Time and again we would close to within yards of our quarry as Ngatia, the Kikuyu catcher, stood braced inside the rubber tyre which protected his ribs, swinging the noose of the lasso on its long bamboo pole until it dangled tantalisingly close to the tossing head. But like a rugby three-quarter the Zebra would jink and swerve at the last moment, leaving us floundering in a four-wheel drift.
The tranquilized zebra is gently walked into the crate for transport.
Once more we drew alongside, and this time Ngatia made no mistake. The noose dropped over the Zebra’s head, the line ran out and the Toyota skidded to a stop with the stallion plunging on the end of the line like a fighting marlin.
The drill had been perfected to a fine art. The chase was always relatively short: otherwise the animal would die from exhaustion and shock. As soon as it was caught the support truck would arrive with extra hands. The idea was to grab the Zebra by its ears and tail, avoiding teeth hooves, rope its legs together, tranquillise it, patch up any wounds with antibiotics, and then haul it into a crate.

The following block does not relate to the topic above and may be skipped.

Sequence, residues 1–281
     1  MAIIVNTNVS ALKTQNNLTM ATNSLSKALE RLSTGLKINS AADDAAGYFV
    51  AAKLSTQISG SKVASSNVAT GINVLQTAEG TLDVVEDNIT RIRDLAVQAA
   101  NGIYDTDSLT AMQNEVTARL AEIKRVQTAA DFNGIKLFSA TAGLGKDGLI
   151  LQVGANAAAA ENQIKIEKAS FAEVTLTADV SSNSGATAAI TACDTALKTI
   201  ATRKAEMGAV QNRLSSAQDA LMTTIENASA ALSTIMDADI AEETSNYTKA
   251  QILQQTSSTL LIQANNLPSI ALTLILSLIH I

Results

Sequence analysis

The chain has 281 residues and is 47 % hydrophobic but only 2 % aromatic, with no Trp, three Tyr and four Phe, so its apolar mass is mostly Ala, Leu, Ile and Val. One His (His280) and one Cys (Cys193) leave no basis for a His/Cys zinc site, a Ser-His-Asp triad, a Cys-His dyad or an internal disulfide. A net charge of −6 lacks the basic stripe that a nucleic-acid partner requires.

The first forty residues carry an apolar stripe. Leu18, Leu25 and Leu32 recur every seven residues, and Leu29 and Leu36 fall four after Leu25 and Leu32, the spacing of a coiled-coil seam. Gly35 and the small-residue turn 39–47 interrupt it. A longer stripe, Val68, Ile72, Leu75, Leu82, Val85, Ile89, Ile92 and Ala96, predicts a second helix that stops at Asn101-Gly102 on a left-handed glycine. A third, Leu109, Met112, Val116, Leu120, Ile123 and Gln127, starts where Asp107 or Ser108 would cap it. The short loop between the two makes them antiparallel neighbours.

“Dammit,” said Don Hunt admiringly, “that was the smartest Zebra I’ve ever caught in my life.” Later he admitted he would not have pursued it for so long but for the suppurating scar on its rump where it had been clawed by a lion. “That wound was so bad he would probably have died anyway, so I took a chance.”
We caught no more Zebra that day; but the following morning we tried a fresh locality, setting out an hour before dawn to be on the catching grounds while the day was still cool.
Normally the north of Kenya is an arid wilderness of sun bleached scrub and withered thorns; but the long rains had been unusually heavy and the plains were as green as an Irish meadow. The earth blossomed overnight, and we marvelled at the sight of Samburu warriors wrapped in blood-red cloaks, striding with their cattle through drifts of white storm lilies.